The Cleveland Clinic

Choosing Cosmetic Surgery

Cosmetic surgery has increased dramatically in popularity over the past 10 years. With this increase in popularity, attitudes have changed as well. Fewer people are growing older gracefully, while more and more are accepting the cosmetic surgery alternative.

Like nearly all fields, cosmetic surgery has undergone significant technological and conceptual changes in recent years. The conceptual changes have altered the approaches to facial aging, especially as they relate to the forehead, eyelids and lower face. Technological changes include the increasing use of the laser for facial cosmetic surgery, and minimally invasive techniques for face, breast and body contouring surgery.

Finally, while any elective surgical procedure carries some risk, the advances in cosmetic surgery have translated into faster patient recovery and more natural appearing results.

Why Do People Seek Cosmetic Surgery?

People undergo cosmetic surgery for many reasons.

  • They may want to look younger for professional or personal reasons.
  • They may want to change a feature they never liked.
Whatever the reason, the data doesn't lie. There were nearly 8.5 million cosmetic surgical and non-surgical procedures performed in 2001, an increase of 304% from 1997, according to the American Society for Aesthetic Plastic Surgery.

The decision to undergo any type of cosmetic surgery is intensely personal. After all, this type of surgery is completely voluntary. Unlike other necessary surgeries, we're often driven to consider cosmetic surgery from a combination of social and emotional factors. Our body images in part are shaped by society.

Setting Realistic Expectations

Although cosmetic surgery will not change your life, it may give you greater self-confidence and add to your sense of well-being. Do not make this decision lightly. It will not solve personal problems or make you look like someone else.

When it comes to successful cosmetic surgery results, this is often dependent on the communication between you and your surgeon. Make sure you feel comfortable with your surgeon and that you feel you can communicate openly and honestly with him or her.

Although people have many good reasons for seeking cosmetic surgery, some people seek cosmetic surgery for the wrong reasons and should reconsider their decision.

The ideal patient is a well-motivated individual who has considered cosmetic surgery for some time. Most patients have seriously thought about having cosmetic surgery for 5 years or more.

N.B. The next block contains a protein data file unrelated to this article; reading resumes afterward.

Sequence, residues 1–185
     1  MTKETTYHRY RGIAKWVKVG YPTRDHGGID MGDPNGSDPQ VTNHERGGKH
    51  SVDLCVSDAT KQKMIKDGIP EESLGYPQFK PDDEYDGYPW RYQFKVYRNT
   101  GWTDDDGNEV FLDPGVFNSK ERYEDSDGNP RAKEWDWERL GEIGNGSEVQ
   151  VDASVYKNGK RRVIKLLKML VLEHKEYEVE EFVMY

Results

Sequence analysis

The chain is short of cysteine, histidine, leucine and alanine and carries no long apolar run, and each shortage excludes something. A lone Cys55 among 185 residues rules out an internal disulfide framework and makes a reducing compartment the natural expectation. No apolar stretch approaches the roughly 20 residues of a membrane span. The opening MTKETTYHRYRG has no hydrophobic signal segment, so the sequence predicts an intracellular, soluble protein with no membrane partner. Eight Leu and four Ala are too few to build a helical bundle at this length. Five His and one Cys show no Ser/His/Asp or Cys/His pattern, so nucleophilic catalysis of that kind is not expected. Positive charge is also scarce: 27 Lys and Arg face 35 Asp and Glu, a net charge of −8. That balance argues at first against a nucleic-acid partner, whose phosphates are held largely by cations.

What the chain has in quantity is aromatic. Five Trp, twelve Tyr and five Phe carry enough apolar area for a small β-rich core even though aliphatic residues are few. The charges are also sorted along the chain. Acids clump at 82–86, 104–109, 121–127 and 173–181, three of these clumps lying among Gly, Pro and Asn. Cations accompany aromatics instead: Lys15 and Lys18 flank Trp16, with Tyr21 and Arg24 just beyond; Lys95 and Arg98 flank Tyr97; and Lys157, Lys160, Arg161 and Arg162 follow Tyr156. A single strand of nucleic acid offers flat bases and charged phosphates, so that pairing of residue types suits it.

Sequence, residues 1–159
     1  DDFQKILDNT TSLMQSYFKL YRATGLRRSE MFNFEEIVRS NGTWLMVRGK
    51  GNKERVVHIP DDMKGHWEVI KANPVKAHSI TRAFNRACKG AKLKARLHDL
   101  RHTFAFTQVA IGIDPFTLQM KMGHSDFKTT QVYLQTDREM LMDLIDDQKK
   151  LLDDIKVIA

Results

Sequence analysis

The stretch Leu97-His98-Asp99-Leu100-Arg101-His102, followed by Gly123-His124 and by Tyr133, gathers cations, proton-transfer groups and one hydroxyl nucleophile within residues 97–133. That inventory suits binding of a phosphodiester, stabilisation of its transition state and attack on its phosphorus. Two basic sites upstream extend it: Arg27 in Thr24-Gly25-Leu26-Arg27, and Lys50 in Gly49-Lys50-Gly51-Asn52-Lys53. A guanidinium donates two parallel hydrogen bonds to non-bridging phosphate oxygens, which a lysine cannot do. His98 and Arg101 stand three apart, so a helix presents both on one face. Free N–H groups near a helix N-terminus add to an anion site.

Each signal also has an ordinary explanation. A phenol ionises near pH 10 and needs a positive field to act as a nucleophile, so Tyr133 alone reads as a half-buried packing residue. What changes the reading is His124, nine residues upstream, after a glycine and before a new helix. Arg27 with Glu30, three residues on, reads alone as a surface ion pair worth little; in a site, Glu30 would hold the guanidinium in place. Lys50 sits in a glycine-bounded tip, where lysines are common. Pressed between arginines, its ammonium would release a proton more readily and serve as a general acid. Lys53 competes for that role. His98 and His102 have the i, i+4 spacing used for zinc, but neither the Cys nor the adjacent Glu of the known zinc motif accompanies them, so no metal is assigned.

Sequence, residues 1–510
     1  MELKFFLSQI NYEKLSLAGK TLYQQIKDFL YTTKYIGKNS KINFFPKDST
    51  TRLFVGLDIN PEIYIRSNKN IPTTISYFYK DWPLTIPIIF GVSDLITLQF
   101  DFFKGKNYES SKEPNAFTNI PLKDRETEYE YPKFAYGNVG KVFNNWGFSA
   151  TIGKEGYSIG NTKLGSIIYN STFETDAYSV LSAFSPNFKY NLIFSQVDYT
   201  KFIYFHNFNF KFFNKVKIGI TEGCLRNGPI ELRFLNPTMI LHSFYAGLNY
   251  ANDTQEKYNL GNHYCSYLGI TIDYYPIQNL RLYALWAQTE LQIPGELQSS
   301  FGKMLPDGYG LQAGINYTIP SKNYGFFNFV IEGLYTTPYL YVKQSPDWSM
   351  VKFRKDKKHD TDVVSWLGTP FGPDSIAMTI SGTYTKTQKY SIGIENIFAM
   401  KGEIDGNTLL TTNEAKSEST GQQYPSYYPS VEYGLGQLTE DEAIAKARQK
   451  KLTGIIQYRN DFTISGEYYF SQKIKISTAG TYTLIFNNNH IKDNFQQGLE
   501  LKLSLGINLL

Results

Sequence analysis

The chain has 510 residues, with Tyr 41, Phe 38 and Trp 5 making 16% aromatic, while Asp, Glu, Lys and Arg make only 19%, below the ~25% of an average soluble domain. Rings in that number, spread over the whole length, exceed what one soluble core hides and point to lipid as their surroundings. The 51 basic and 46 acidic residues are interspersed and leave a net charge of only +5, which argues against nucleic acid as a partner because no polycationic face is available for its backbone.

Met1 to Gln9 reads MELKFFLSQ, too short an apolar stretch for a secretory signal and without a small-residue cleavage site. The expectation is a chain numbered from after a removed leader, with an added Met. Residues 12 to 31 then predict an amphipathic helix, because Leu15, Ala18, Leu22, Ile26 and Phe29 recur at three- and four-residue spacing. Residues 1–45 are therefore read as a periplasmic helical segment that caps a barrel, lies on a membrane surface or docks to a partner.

Commonly stated good reasons for seeking cosmetic surgery include the following:

  • "I want to do it for myself."
  • "I look into the mirror and I don't recognize that person."
  • "I feel young, I exercise, but I don't look the way I feel."
  • "People keep telling me I look tired or angry."
Ill-advised reasons for seeking cosmetic surgery include the following:
  • "My husband/wife/girlfriend/boyfriend is leaving me. I'm looking for a boost."
  • "My husband/wife has died and I'm looking for a pick-me-up."
Why Do I Want Cosmetic Surgery?

It's very important to be honest with yourself about why you want to correct a certain part of your body. You may be doing it for reconstructive purposes, either because of congenital defect or that developed as a result of trauma or injury. Or, you may be doing it to slow the aging process. In any case, here are some questions to ask yourself about wanting cosmetic surgery and remember: be honest!

  • What is your motivation? Do you think your spouse will love you more? Or, are you doing this for yourself?
  • Ask yourself: What is it about that flawed part of my body that I want to correct and why? When did I start thinking about cosmetic surgery? Was it because I wanted to do something about it or was it because someone else made a remark?
  • What are your expectations from cosmetic surgery? Are they realistic? That is, are there just slight aging irregularities that you seek to correct, or is this a way to make up for deeper issues?
Cosmetic surgery is a significant investment in time, effort, and emotion. It probably will not change your social life or your outlook on life. Take a minute to assess why you really want cosmetic surgery, and whether you have realistic expectations.

Reviewed by the doctors at The Cleveland Clinic, Department of Plastic Surgery.
Edited by Charlotte E. Grayson, MD, Sept. 2003.
Portions of this page © The Cleveland Clinic 2000-2003.


Last Editorial Review: 1/31/2005 7:05:12 AM